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The China factor in India’s recent engagement with Vietnam

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In its fourth year since the elevation of ties to a Comprehensive Strategic Partnership, December 2020 witnessed an enhanced cooperation between New Delhi and Hanoi, ranging from humanitarian assistance and disaster relief to defence and maritime cooperation, amid common concerns about China.

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In an effort to boost defence cooperation, the navies of India and Vietnam conducted atwo-day passage exercise (Passex) in the South China Sea on December 26 and 27, 2020, reinforcing interoperability and jointness in the maritime sphere. Two days before this exercise has begun, an Indian naval ship arrived at Nha Rong Port in Ho Chi Minh City to offer humanitarian assistance for the flood-affected parts of Central Vietnam.

Before this, in the same week, during a virtual summit between Indian Prime Minister Narendra Modi and his Vietnamese counterpart Nguyen Xuan Phuc on December 21, both countries inked seven agreements on miscellaneous areas of cooperation and jointly unveiled a vision and plan of action for the future, as both countries encounter the common Chinese threat in their respective neighbourhoods.

Vietnam’s disputes with China

India’s bone of contention with China ranges from the Himalayas to the Indian Ocean. Both Vietnam and India share territorial borders with China. Well, it seems odd that despite its common socialistic political backgrounds, China and Vietnam remains largely hostile. 

Having a 3,260 km coastline, covering much of the western part of South China Sea, Vietnam’s exclusive economic zone (EEZ) overlaps with Chinese claims based on the legally invalid and vaguely defined Nine-Dash Line concept, unacceptable for all the other countries in the region, including Vietnam, Philippines, Malaysia, and Brunei.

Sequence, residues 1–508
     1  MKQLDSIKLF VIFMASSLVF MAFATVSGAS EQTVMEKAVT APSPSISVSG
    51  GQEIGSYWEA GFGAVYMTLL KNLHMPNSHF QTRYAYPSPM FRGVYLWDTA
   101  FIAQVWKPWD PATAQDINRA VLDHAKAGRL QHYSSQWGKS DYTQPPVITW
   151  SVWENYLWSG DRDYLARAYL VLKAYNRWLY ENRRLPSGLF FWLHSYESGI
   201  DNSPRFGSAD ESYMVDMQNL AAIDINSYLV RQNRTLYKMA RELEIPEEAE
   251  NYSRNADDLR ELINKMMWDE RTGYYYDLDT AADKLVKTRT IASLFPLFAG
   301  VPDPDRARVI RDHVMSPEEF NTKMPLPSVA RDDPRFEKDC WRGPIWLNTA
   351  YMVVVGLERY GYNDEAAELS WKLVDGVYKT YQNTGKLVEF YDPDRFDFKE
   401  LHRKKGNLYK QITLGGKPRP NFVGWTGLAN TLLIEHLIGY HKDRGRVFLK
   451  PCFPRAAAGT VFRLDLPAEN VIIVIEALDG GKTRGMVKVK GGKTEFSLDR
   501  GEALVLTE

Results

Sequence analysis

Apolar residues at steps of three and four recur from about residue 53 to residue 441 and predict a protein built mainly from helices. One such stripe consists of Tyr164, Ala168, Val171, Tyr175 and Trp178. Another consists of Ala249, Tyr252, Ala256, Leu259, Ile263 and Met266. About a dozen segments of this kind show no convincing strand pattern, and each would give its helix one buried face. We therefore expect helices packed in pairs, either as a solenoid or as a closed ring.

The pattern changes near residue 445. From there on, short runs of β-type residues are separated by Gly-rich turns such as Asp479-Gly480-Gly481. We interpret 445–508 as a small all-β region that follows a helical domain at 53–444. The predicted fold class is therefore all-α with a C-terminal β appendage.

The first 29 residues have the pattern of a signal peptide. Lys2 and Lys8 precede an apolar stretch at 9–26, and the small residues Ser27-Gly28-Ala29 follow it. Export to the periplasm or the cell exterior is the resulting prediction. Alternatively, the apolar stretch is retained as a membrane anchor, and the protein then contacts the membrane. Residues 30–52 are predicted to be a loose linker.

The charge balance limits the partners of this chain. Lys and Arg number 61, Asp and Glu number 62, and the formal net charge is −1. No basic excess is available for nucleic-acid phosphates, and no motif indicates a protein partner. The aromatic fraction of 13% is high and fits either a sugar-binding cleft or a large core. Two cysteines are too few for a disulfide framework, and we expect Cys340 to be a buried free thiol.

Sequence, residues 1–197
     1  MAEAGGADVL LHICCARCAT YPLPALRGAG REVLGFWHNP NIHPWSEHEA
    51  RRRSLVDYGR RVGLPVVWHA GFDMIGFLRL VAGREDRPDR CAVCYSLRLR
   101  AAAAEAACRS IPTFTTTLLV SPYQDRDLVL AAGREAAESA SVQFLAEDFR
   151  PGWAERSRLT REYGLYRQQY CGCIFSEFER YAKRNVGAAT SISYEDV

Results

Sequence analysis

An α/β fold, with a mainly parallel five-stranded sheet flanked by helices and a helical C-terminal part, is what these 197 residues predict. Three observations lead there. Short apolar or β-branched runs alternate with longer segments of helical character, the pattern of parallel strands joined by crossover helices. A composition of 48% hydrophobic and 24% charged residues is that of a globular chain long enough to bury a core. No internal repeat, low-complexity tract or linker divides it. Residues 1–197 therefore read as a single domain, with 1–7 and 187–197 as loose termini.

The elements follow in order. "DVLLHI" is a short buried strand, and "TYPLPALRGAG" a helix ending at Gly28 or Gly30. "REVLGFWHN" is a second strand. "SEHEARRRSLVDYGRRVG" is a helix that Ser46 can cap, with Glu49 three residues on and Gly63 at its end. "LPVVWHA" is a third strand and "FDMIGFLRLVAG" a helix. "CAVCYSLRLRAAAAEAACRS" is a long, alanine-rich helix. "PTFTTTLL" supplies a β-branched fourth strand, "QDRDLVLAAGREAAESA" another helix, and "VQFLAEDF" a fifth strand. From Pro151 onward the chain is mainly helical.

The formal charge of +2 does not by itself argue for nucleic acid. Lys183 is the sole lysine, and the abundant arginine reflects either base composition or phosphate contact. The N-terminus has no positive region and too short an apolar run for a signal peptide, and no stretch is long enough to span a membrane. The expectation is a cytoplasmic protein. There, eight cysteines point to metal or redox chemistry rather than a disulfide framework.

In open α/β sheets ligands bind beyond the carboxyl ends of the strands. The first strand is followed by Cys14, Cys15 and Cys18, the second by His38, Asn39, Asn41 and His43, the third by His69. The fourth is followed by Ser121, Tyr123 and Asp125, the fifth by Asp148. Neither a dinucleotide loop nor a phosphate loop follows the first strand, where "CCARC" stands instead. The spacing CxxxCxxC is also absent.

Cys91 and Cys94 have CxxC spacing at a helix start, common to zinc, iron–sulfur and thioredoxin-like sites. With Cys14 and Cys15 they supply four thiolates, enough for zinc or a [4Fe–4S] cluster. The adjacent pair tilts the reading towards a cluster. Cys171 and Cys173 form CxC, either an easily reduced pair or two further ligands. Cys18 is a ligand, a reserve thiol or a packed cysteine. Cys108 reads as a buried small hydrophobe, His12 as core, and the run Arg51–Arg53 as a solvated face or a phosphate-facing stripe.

In 2016, China lost a case brought out by the Philippines at the Permanent Court of Arbitration based in The Hague when the court ruled that Beijing’s had no legal basis to claim ‘historic rights’ as per the nine-dash line. China rejected the ruling and continued to build artificial islands in the South China Sea, which it has been doing since 2013, some of them later militarized to gain favourable strategic footholds in the sea and the entire region.

The Paracel and the Spratly Islands in the South China Sea has been historically considered part of Vietnam. The Geneva Accords of 1954, which ended the First Indochina War, gave the erstwhile South Vietnam control of territories south of the 17th Parallel, which included these island groups. But, China lays claims on all of these islands and occupies some of them, leading to an ongoing dispute with Vietnam.

China and Vietnam also fought a border war from 1979 to 1990. But today, the disputes largely remain in the maritime sphere, in the South China Sea.

China’s eyes on the Indian Ocean

The Indian Ocean has been long regarded as India’s sphere of influence. But with the Belt and Road Initiative, a trillion-dollar megaproject proposed by Chinese President Xi Jinping in 2013, and the Maritime Silk Road connecting three continents, which is part of it, China has grand ambitions in the Indian Ocean. Theories such as ‘String of Pearls’ shed light on an overambitious Beijing, whichattempts to encircle India with ports and bases operating under its control.